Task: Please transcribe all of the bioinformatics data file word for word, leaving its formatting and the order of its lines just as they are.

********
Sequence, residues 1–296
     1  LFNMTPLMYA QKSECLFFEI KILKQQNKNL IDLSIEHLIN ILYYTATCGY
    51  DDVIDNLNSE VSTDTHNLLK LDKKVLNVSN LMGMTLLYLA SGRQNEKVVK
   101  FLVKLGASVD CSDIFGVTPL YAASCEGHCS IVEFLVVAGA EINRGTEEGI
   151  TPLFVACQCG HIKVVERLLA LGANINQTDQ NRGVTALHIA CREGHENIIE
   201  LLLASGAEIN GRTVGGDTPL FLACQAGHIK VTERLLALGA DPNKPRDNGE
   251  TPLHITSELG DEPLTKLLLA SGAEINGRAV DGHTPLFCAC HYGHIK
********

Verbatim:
Sequence, residues 1–296
     1  LFNMTPLMYA QKSECLFFEI KILKQQNKNL IDLSIEHLIN ILYYTATCGY
    51  DDVIDNLNSE VSTDTHNLLK LDKKVLNVSN LMGMTLLYLA SGRQNEKVVK
   101  FLVKLGASVD CSDIFGVTPL YAASCEGHCS IVEFLVVAGA EINRGTEEGI
   151  TPLFVACQCG HIKVVERLLA LGANINQTDQ NRGVTALHIA CREGHENIIE
   201  LLLASGAEIN GRTVGGDTPL FLACQAGHIK VTERLLALGA DPNKPRDNGE
   251  TPLHITSELG DEPLTKLLLA SGAEINGRAV DGHTPLFCAC HYGHIK